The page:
The Sound of Running Water Puts Beavers in the Mood to Build
From the outside, a beaver dam looks like a heap of sticks, but a closer look reveals the insane amount of effort and detail that goes into building each structure. At a rate of five feet per day, beavers use mud, sticks, and rocks to construct the multi-chamber, watertight dams that hold their families and store their food.
In the 1960s, Swedish biologist Lars Wilsson wanted to know if this industrious behavior was learned or innate. He decided to capture four adult beavers with the intention of raising them in different habitats. Some were kept in an outdoor enclosure and others in a glass-walled terrarium indoors.
When a new generation of beavers was born, he chose a few of them to raise in isolation in order to study which of their behaviors were instinctual. He discovered that when released into running water, the young beavers built near perfect examples of dams on their first try. Wilsson then tried a different experiment where he placed the beavers in still or very slow-moving water. The subjects responded by burying themselves in the mud and making no attempts to build.
It was only when Wilsson played them the sounds of running water through a speaker that their instincts kicked in. Suddenly the beavers were compelled to start building over the speaker, convinced that it was the source of the leak. When the sound was played for them through a loudspeaker on concrete, the beavers still built their dam over the dry floor. Even when presented with a clear pipe that showed water (silently) escaping through their dam and a speaker that played them the sound of running water, they chose to build over the speaker and ignore the clearly visible leak.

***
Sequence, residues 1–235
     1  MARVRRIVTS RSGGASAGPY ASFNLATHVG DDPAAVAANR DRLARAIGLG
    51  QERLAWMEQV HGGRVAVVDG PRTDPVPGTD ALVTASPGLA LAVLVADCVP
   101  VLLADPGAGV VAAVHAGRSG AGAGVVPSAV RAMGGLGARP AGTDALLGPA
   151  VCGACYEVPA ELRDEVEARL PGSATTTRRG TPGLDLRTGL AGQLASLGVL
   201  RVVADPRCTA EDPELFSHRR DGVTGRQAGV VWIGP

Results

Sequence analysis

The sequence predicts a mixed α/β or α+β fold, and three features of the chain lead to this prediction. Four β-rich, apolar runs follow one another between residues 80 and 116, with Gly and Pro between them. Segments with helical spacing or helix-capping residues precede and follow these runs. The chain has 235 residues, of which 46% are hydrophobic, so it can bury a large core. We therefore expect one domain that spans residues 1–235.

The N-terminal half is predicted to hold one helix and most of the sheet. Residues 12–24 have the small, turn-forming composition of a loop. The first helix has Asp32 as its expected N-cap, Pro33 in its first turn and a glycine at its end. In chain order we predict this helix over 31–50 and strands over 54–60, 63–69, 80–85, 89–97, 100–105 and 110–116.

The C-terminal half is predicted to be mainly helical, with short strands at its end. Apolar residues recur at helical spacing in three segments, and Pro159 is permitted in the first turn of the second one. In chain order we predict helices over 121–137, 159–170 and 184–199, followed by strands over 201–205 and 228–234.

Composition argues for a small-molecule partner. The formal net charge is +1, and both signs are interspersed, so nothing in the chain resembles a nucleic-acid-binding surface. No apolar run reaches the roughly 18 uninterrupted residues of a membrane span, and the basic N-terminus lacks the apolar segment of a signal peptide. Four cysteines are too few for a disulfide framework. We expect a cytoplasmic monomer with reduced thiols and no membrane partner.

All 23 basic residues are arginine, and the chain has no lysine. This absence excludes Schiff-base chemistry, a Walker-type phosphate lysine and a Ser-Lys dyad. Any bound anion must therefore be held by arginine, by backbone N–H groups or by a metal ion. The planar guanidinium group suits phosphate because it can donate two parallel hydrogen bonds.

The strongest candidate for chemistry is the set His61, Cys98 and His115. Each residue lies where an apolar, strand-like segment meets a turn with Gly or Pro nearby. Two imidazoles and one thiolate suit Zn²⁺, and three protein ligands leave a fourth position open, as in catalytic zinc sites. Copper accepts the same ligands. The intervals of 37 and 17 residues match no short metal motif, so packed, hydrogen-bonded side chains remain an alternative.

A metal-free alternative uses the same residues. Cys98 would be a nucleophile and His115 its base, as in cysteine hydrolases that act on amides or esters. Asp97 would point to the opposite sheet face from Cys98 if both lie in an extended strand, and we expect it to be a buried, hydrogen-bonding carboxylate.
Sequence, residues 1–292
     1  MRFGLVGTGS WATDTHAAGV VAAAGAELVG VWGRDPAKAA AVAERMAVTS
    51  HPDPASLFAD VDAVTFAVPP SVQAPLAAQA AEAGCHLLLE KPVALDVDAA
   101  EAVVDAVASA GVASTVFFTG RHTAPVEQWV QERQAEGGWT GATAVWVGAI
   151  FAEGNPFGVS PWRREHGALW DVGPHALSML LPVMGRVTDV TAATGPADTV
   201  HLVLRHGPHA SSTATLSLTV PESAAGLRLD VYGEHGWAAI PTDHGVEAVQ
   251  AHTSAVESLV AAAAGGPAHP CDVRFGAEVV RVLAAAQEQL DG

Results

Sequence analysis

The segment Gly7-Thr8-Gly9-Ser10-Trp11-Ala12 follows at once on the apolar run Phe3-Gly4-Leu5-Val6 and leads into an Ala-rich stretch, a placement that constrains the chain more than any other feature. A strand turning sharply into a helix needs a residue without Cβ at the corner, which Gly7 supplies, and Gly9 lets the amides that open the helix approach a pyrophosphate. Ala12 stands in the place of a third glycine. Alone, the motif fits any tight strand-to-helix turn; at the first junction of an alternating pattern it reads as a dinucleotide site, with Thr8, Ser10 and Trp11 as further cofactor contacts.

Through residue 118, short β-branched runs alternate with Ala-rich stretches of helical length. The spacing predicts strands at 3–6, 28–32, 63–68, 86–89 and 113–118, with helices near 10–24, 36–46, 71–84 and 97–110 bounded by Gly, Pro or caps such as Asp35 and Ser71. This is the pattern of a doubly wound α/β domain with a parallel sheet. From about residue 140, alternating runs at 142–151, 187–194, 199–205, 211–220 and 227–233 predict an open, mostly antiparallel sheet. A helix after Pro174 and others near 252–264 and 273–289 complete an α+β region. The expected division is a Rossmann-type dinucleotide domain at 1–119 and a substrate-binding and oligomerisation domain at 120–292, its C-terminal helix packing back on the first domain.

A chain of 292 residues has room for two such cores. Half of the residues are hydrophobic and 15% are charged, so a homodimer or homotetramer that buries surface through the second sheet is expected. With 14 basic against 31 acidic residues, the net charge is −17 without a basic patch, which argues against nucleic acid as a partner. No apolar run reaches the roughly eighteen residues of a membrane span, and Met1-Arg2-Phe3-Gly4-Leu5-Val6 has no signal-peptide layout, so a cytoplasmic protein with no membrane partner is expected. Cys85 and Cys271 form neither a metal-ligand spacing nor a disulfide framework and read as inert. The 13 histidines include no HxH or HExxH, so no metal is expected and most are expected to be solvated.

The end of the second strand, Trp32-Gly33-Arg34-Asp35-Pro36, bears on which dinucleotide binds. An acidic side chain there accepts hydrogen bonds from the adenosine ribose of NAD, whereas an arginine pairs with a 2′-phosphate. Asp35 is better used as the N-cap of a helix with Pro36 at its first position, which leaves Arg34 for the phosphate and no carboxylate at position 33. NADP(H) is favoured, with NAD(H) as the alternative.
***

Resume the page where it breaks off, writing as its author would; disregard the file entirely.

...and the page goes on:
This instinctive quirk makes beavers easy for people to manipulate. Instead of demolishing the dams that overflow river banks and damage property, a special, silent outflow pipe can be installed that diverts the water under the beavers’ radar. If blocking the sound of the pipe is impossible, people will sometimes make small holes in the dam around the pipe, which the beavers will innately plug up instead. For some reason, all those wicked dam-building skills now seem a lot less intimidating.